What Color is the Sky in Rick Falkvinge’s World?
Someone please tell me that Rick Falkvinge is the Ron Paul of European politics. I’m sure every country has its slightly kooky politicians; after all, we have guys who talk about mothballing the Navy or the magical powers of women’s reproductive systems, and I guess Europe has Rick Falkvinge. I don’t go looking for Rick’s writing because shooting a duck in a barrel (and a lame duck at that) isn’t sporting, but I stumbled upon this piece this morning and had to share. Falkvinge asserts that the act of copying an existing work (e.g using software to rip a DVD into a file for upload) is real labor that has value, and that “copyright monopolists” are offensive in their desire to profit from this “labor.” Yes, at this moment, your head should be cocked sideways like a confused spaniel.
I’ve done a lot of digital compression and conversion in my life, and it’s true about the labor I guess. I mean, you’ve got the sliding a disk into a drive, and then probably half a dozen mouse clicks, followed by up to twenty keystrokes to name the file; then there’s the opening of the beer and pretzels while you watch the gas bar crawl across the screen. So, by all means, it’s obnoxious for those who represent millions of dollars in investment and tens of thousands of highly-skilled man-hours to produce the thing your chubby little fingers are laboring away to copy to think that it’s somehow their property. I guess if somebody robs my house, I ought to pause before calling the police and consider how hard the burglar is working.
If you haven’t seen it, I encourage you to read Chris Ruen’s piece about Aaron Swartz for Seattle Weekly. The article endeavors to take some of the emotion out of the discussion regarding Swartz’s hacktivism. I have purposely not talked about Swartz thus far because the first truth is that his story is just plain sad. But Ruen is right that Swartz was wrong about SOPA, and that does matter even through the fog of emotion. I don’t presume to know why Mr. Swartz committed suicide, but it is a tragedy that strikes regardless of age, sex, economic, social, or political conditions; and it is worth noting that the very tools Swartz proclaimed to champion have been used to bully others, whose names we hardly know, to the same fate. Moreover, while freedom of information is a cornerstone of a democratic society, not everything that can be hacked is “information” just because it’s digital — and hacking itself is not a game. Just this week, we have reports on the specific origin of cyber attacks on US properties from within one Chinese military headquarters. The prospect of an attack that could cost the lives of thousands is not an exaggeration. Naturally, Swartz’s hacking didn’t amount to anything like this kind of threat, but we cannot have a national policy debate on the issue of cyber security that is bent out of proportion because of the suicide of one man.
I have predicted for several years that convergence between TV and the Web will make for new partnerships between the two industries. The more the media creators and the Internet giants have common ground, the more likely we are to see much of the extreme copyright views be relegated to the fringe where they belong. This article in Variety features a story about a deal between Fox and a couple of very successful YouTube channels, and I’m sure we will see more of these deals as the distinction between distribution via Pipe A or Pipe B fades into irrelevance.
I have little doubt that the end-game is a paradigm in which screens of all sizes become global jukeboxes offering on-demand access to vast libraries of finished works. Clearly, those who use torrent sites have chosen to hasten this reality without regard for the creators, but deals like this one and projects like House of Cards demonstrate that media producers are in no way out of touch with new distribution methods or new approaches to scheduling or geography; and they haven’t been for quite some time. When Google and Fox shake hands, it means their profit motives are aligned, and this could be beneficial to independent artists, who are the first to be hurt by online piracy. The more the Internet industry has skin in the content game, the less likely it is to fund the kind of hysterically blurred messages confusing free speech with free media. That said, we have miles to go…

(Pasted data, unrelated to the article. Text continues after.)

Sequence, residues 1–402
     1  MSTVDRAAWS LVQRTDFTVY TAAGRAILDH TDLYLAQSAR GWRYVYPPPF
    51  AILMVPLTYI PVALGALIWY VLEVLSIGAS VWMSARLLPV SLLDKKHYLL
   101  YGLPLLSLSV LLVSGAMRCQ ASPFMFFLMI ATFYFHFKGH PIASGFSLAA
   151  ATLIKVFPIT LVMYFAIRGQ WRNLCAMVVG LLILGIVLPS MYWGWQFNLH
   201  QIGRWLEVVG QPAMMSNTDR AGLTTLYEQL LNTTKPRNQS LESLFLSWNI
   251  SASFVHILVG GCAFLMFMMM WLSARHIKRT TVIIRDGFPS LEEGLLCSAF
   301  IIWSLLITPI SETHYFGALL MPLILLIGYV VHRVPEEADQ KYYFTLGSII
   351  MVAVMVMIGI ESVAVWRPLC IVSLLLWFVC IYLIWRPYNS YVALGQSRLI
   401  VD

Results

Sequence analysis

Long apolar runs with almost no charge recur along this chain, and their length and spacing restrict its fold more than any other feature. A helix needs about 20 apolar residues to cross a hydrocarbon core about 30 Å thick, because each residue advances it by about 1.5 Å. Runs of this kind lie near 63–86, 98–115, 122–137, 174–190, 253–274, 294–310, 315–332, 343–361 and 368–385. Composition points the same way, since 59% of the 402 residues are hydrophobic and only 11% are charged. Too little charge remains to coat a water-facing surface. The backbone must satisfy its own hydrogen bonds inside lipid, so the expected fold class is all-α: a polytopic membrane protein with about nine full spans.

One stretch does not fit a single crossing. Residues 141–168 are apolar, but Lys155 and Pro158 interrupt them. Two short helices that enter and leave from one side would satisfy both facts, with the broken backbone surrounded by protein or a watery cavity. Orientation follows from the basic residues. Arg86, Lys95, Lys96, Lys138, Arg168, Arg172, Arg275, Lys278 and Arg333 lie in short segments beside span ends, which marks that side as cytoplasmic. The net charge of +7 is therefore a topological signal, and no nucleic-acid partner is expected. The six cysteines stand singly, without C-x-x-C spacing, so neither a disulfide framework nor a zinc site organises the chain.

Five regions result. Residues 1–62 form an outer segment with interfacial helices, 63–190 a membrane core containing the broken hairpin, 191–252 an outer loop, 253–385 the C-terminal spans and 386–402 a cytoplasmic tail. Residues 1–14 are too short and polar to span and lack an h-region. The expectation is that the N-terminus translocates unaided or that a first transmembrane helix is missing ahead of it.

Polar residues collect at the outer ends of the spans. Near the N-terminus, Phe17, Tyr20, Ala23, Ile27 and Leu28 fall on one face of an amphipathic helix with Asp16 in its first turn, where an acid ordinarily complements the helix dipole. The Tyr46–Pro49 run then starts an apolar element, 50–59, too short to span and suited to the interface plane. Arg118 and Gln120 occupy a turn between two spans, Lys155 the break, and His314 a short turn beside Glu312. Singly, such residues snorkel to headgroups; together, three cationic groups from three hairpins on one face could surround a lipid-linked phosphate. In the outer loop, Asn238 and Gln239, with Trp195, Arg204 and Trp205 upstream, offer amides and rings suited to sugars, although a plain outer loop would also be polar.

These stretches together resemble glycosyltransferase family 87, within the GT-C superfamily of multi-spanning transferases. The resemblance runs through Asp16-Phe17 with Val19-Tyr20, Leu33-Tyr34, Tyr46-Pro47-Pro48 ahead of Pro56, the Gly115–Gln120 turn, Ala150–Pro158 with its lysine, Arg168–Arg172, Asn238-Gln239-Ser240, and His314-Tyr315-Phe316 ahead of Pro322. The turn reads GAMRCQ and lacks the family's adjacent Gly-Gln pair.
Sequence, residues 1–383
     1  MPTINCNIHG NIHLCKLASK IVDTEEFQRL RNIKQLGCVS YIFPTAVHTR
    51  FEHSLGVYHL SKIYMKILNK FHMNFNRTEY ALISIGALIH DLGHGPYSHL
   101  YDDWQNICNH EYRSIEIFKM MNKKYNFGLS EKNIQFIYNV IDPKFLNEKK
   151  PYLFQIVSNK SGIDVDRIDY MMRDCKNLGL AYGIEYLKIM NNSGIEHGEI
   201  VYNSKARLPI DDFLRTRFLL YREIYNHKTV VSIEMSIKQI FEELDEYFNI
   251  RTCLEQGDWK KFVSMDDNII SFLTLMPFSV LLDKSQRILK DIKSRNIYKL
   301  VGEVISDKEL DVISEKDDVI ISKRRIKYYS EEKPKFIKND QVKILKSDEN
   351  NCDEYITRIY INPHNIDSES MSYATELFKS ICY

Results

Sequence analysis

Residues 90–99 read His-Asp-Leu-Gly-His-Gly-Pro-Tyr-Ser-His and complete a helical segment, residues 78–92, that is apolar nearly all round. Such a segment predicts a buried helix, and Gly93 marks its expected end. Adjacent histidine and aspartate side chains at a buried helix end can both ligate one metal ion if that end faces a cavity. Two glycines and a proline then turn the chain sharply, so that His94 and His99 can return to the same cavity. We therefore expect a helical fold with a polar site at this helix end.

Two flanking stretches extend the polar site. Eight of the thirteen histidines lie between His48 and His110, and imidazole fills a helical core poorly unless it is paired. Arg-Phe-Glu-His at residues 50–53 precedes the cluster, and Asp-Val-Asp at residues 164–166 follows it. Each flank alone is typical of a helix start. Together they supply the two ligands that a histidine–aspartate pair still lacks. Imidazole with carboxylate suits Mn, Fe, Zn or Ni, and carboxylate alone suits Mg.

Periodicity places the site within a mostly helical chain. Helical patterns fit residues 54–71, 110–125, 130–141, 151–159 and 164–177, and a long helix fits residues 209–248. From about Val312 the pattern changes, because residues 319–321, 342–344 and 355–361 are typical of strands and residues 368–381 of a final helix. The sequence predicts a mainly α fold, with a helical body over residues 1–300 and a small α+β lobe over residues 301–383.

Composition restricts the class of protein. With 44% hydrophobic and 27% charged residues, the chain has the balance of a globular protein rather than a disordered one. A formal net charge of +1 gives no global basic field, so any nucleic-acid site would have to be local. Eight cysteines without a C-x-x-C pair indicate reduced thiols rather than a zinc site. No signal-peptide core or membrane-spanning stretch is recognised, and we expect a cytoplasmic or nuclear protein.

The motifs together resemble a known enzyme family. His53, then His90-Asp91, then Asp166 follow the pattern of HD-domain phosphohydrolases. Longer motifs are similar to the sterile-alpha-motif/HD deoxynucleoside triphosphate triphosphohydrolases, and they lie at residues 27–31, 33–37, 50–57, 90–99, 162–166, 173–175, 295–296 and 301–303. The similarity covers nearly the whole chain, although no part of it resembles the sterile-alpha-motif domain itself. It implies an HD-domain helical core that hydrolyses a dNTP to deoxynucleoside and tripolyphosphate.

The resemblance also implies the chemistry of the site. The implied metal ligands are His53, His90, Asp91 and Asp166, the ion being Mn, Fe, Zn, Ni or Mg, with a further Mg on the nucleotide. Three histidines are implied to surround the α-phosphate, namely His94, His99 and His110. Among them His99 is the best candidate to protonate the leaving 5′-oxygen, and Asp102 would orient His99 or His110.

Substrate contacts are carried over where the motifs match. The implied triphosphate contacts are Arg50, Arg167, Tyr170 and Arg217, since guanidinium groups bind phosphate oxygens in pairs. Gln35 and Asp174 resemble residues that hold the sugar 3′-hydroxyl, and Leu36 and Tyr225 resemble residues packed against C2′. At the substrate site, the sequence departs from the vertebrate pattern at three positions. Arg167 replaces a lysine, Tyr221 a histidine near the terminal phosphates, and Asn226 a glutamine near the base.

TPB-AFK (The Pirate Bay Documentary)
Yeah, I watched the documentary about the founder/operators of The Pirate Bay, and I admit to being pleasantly surprised that it is not the overbearing propaganda-fest I’d expected. In fact, to director Simon Klose’s credit, I found the film’s relatively detached lens on its subjects made it eminently watchable and only considered a few choices overly contrived — particularly the eerie music played over moody tracking shots of blinking servers. There’s no question the film is supportive of its subjects, but assuming we can take its content at face value, we are provided with what appears to be an honest glimpse into the personalities and character flaws of TPB’s three co-founders.
Most of the film focuses on the trial in Swedish court, and I thought one of the most telling moments was a comment by Gottfrid Svartholm describing their business as “disorganized crime.” The comment was meant to be mocking the authorities’ perception of the The Pirate Bay, but his words are actually consistent with the childlike posturing of all three men throughout the documentary. Svartholm, Sunde, and Neij all vacillate between naive innocence and banner-waving freedom-fighting — literally trying to have it both ways. It is as if they are saying, “We didn’t do anything, but what we did is certainly the right thing to do.” The film is engaging and informative, although it is dismaying to discover that these presumptive heroes of the digital age really are the proverbial rebels without either a cause or a clue.